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injections good bad or neither

terror8396tterror8396 Posts: 1,832
edited 06/11/2012 - 8:42 AM in Pain Management
a lot of conversation has been made with respect to injections. A lot of people say they will refuse them, they don't work, too much pain, etc. well injections are valuable for a reason. they are not just for pain reduction. injections help the doctor locate the precise postition of your back pain. by injecting one area, he can tell if this is the correct place to treat if it alleviates your pain. if it does not, then he will try another area until he finds the right area. this is a common albeit problamatical practice by pain drs. injections are tools to help locate our specific pain location. by finding this he can treat the specific area by giving more injections, knowing where to place morphine pumps, or other pain pumps. for the most part, my back is so screwed up that they don't work for me. when they do it is temporary but i am willing to have my dr use them as a tool. unfortunately a lot of drs in california won't carry blue cross insurance for a variety of reasons. i have blue cross, so i will have to pay some out of pocket for injections and i can't afford that now. if i could afford them, i would have them to see if they help and to see if he can locate my pain position. they are not that bad, a little painful, but tolerable . if you can give them a chance especially if nothing else has helped, ie meds, etc
I have 4 fusions from L5-3, the latest last May '12 where they fixed my disc that broke.They went through my side this time. I take 40 mg of oxycontin 4x a day and 4 fenatyl lollipops 300 micro gms 4x a day.


  • I think they definitely have their place, just like the other elements of pain management. Some people find them to be very helpful, and of course they can help pinpoint problems, as you mentioned. Nothing that is potentially beneficial should be ignored, in my opinion, whether it's injections, medication, massage, physiotherapy, TENS, acupuncture... different things work for different patients, and it's up to the doctor and patient to work together to find the right balance, I think.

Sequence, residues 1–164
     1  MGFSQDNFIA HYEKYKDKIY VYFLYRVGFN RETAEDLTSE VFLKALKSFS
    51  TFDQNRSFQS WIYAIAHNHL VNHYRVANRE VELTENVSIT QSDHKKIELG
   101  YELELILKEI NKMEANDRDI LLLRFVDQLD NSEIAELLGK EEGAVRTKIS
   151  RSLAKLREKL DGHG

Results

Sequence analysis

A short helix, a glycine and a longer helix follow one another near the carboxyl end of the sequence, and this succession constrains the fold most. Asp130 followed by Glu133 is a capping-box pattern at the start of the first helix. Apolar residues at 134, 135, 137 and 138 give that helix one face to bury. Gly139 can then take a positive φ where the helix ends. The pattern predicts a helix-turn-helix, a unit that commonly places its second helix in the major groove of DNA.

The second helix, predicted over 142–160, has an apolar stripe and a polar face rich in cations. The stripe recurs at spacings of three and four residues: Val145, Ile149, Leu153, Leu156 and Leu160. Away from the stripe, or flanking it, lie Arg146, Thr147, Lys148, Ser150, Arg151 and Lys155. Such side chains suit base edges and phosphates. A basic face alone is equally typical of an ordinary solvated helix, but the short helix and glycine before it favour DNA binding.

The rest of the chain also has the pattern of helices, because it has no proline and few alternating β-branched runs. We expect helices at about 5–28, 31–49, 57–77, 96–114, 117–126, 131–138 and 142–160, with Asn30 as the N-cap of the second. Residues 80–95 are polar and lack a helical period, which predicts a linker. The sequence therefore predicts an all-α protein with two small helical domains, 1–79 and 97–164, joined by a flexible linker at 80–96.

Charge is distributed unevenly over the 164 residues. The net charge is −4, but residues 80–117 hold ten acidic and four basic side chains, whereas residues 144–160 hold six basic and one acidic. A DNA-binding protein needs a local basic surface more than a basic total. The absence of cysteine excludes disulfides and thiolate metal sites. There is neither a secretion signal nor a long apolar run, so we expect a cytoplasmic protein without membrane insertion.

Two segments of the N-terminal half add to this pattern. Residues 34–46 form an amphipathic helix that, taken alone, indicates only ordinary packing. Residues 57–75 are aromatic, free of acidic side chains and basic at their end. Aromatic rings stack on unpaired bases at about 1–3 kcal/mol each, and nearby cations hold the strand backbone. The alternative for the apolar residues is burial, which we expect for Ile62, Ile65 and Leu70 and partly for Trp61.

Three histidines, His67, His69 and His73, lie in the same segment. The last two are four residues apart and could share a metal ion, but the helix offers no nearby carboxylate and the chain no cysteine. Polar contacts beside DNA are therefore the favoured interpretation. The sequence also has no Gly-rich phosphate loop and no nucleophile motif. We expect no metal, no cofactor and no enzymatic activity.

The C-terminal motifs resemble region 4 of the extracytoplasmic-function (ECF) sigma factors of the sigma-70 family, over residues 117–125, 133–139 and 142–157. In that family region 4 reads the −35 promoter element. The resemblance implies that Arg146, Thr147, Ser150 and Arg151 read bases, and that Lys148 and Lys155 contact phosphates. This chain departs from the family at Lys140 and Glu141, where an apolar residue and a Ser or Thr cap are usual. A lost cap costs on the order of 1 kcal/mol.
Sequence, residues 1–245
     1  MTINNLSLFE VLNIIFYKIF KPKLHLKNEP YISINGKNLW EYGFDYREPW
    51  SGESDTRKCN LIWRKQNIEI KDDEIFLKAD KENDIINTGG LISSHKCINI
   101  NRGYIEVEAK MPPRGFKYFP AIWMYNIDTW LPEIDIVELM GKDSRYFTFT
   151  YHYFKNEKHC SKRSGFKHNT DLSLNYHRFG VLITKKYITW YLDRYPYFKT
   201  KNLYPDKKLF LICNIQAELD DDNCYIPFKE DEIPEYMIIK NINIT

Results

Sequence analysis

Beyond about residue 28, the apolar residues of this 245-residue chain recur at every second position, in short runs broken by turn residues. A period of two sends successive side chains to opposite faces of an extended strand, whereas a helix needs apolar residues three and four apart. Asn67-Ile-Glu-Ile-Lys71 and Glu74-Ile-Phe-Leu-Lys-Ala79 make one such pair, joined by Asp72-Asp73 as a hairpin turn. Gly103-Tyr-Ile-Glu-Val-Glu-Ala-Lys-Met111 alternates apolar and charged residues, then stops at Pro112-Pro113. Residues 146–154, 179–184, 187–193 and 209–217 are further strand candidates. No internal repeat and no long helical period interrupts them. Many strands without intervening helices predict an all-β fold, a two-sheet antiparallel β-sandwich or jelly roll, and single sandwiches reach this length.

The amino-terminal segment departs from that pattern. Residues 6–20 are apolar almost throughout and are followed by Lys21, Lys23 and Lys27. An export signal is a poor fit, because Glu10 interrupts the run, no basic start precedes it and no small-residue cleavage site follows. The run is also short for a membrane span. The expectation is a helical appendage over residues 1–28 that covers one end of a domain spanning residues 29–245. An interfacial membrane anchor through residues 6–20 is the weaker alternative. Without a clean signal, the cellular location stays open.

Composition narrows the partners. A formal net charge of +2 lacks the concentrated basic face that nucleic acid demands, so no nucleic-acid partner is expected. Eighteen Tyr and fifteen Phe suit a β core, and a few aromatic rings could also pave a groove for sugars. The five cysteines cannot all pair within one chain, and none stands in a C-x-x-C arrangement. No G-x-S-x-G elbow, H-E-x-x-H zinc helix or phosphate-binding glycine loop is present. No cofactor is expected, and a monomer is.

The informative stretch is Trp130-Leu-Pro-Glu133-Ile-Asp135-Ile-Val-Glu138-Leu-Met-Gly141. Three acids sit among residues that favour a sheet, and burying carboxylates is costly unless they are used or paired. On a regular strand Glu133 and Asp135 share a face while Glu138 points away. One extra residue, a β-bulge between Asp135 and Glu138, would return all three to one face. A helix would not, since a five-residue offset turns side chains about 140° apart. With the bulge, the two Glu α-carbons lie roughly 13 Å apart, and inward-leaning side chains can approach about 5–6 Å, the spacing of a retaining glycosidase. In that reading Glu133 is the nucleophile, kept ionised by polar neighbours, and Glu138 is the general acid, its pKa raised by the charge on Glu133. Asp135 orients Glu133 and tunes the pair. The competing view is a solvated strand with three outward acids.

• I've had great luck with injections! I know they don't help all people, but I'd definitely recommend them to anyone whose doctor says they are an option.

    I have gotten probably 20% reduction in pain from the injections. Considering that I already got about 30% reduction last October from starting Lyrica, that's a really significant change for me in the last several months, from an average pain rating of 5-6 to an average pain rating of 3-5 (I dunno, makes a big difference and I'm a lot less miserable!).

    Yes, they hurt at the time, and the last one really aggravated my condition for about 2-3 days. But even my 12 year old daughter said "isn't a couple days of pain worth it if you get 6 months or more of feeling better?"
  • dilaurodilauro ConnecticutPosts: 9,870
    First, my thanks to the way you posted.

    Injections are something that has received a lot of negative press on this site. For some, that is what happened to them.

    But as Jon pointed out, injections are used for many reasons. They are a professional instrument in helping to identify a problem.

    In many ways, doctors are detectives. They are always looking for clues that will help them resolve the case.
    The more information and clues that are provided, the easier it should be in finding the problem.

    So, we have so many "I had an ESI, it didnt work",
    " I had a ESI and now I feel much worse" and
    "I had an ESI and I can see some pain relief"

    All of those are valid. Spinal injections, specifically the ESIs are a valuable tool. It can provide relief to the patient and it can also provide information to the doctor so that the problem can be identified and the proper treatment is given.

    Jon, thanks again for a brilliant post.

    The one other member I always look to for sound and rationale posts is JOHN. He has a way with words that just make you want to understand.
    Ron DiLauro Spine-Health System Administrator
    I am not a medical professional. I comment on personal experiences
    You can email me at: rdilauro@veritashealth.com
  • I had lumbar injections, increased my pain, didn't work at all....considered it a complete waste of time. Cervical injections worked great, lasted awhile, counting down the days until my next one. I can only have 4 a year according to my doc. So, I guess what I'm trying to say is, it's worth a try, otherwise you will always wonder "could this have helped my pain."
  • Great post!

    I encourage anyone who has been offered injections as a means of pain control, to give them a try.

    It was discovered in January that my tailbone was fractured and dislocated during my fall. I started noticing pain in my tailbone last August and it progressively got worse. X-rays and a CT scan confirmed these fractures and I was sent to an Orthopedic Surgeon for a consultation. Surgery for my coccyx has been ruled out, but this doctor shared the positive results his patients receive with nerve blocks and injections for chronic fractures to the tailbone.

    Last Wednesday, I had my first set of nerve blocks and injections for my coccyx pain and I felt immediate relief. I no longer have ANY coccyx pain, radiating hip pain or pain in my upper thighs.

    I am so relieved to know that I will have ongoing pain control for these chronic fractures! It's absolutely amazing!

    Thanks for starting this thread... it's a goody!

    Take good care,